Virginia Fort, Modern Houses Part of Landmark Registry List

Saturday, Jul 6, 2013  |  Updated 11:46 AM EDT
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Va. Fort, Modern Houses Part of Landmark Registry List

AP

George Washington “Lansdowne”1796 oil painting by Gilbert Stuart.

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A fort designed by a young George Washington and a subdivision in northern Virginia that features architecturally significant modern houses are part of the latest entries to the Virginia Landmarks Register.

They are among nine sites added to the register by the Virginia Department of Historic Resources. The register is the state's official list of important places.

Other additions include the boyhood home of Robert Russa Moton, the early 20th century black educator, and a rare surviving slave cabin.

The nine sites will be forwarded to the National Park Service for nomination to the National Register of Historic Places.

The new entries, with descriptions provided by the DHR, are:

  • Walnut Valley, located in Chippokes Plantation State Park in Surry County, consists of a 1770 plantation house and an 1816 slave cabin. The 263-acre property remains largely intact.
  • Fort Loudoun, located on a residential lot in the Winchester Historic District, is part of a larger site where a young Washington designed and supervised construction of a fort as commander of the Virginia Regiment in 1758. The fort, a command center during the French and Indian War, is no longer standing, although some archaeological remnants remain.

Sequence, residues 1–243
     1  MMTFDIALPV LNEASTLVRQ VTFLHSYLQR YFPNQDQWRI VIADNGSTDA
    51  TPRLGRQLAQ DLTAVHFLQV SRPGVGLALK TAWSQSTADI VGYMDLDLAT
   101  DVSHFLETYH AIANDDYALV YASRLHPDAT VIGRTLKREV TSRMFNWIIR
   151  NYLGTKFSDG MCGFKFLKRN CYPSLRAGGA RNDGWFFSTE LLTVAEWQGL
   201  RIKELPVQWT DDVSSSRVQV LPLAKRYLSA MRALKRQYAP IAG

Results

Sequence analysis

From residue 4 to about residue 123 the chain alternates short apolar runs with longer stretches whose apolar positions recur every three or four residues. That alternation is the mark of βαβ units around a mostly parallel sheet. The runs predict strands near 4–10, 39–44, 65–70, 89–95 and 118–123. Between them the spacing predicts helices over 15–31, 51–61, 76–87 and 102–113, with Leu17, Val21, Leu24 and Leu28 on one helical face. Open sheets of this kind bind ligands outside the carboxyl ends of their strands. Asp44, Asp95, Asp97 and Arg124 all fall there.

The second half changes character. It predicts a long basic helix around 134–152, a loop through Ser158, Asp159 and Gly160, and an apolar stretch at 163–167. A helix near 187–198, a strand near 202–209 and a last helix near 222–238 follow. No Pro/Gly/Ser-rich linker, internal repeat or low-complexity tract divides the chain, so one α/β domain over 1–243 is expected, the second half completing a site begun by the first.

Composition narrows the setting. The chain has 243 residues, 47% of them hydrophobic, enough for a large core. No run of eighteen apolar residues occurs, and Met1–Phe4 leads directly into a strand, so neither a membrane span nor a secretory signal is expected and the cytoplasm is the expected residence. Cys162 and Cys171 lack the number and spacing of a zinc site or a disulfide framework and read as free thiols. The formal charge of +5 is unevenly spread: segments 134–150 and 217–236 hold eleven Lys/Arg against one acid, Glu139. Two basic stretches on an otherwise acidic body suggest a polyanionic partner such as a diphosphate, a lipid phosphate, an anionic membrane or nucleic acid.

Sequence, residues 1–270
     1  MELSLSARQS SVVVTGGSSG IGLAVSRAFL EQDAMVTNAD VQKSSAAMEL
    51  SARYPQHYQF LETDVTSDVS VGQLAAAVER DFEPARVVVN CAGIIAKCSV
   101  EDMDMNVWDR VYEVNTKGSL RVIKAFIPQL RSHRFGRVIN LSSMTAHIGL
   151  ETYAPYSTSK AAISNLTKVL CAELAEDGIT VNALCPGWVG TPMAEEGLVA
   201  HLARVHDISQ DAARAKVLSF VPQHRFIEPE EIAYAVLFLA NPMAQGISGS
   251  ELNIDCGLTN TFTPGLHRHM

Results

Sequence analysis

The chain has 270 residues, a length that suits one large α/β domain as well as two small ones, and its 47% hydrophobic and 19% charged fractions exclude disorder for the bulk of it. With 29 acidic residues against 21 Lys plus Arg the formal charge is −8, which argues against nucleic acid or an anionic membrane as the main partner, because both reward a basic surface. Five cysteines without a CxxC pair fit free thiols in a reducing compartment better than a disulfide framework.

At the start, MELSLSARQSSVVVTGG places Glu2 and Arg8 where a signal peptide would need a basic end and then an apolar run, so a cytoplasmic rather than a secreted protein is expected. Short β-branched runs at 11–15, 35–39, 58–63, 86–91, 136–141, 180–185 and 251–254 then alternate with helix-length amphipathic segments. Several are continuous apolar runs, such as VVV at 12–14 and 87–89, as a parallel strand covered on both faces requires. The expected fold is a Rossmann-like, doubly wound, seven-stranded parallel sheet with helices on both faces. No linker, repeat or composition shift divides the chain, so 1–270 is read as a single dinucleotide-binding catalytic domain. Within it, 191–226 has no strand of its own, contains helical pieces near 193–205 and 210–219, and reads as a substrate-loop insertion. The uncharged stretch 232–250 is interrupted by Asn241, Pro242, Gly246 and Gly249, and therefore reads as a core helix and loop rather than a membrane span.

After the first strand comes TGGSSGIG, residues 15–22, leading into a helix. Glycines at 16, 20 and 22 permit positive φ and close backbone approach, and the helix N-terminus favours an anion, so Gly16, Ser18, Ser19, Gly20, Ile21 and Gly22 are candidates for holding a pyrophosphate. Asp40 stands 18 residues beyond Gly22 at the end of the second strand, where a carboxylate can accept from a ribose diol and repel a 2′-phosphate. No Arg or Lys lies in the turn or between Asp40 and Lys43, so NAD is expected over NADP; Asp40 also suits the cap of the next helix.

• The Robert Russa Moton boyhood home is located on a former plantation and farmstead known as Pleasant Shade. It is located in Prince Edward County, about 10 miles east of Farmville, and covers 246 acres. Moton was president of the Tuskegee Institute after the death of Booker T. Washington. Moton lived at Pleasant Shade from 1869 to 1880.
  • The Hollin Hills Historic District, a 326-acre residential neighborhood in Fairfax County, was the first planned subdivision to combine land planning and modern house and landscaping designs. The district took shape between 1949 and 1971.
  • The Melrose-Rugby Historic District, northwest of downtown Roanoke, traces its development as a working-class suburb from 1916 to 1949. The district has a range of architectural styles, including Craftsman bungalows and Cape Cod houses.
  • The Riverland Historic District, also in Roanoke, was developed between 1900 and 1930. Also a working-class neighborhood, it reflects the city's rapid industrial growth during the late 19th and early 20th centuries.
  • Elmwood Cemetery, a 50-acre municipal burial ground in what is now the city of Norfolk. Established in 1853, it contains the remains of more than 400 Confederate and Union war dead. It was also the burial ground for victims of a yellow fever epidemic that swept through Hampton Roads in 1855.
  • Mount Sharon, a 77-acre property in Orange County, features a Georgian Revival-style country house designed by New York architect Louis Bancel LaFarge. The main residence was completed in 1937.
  • The Ashland Jefferson Davis Highway Marker, in Hanover County, one of 16 granite memorials in Virginia commission by the United Daughters of the Confederacy. The memorials were erected along U.S. Route 1 between 1927 and 1947.

The DHR board of historic resources also approved the expansion of the Main Street Banking Historic District in Richmond. It adds four modern high-rises constructed in the early 1960s.

It also expanded the Downtown Roanoke Historic District to encompass 19 buildings that contribute to the historic character of the district.
 

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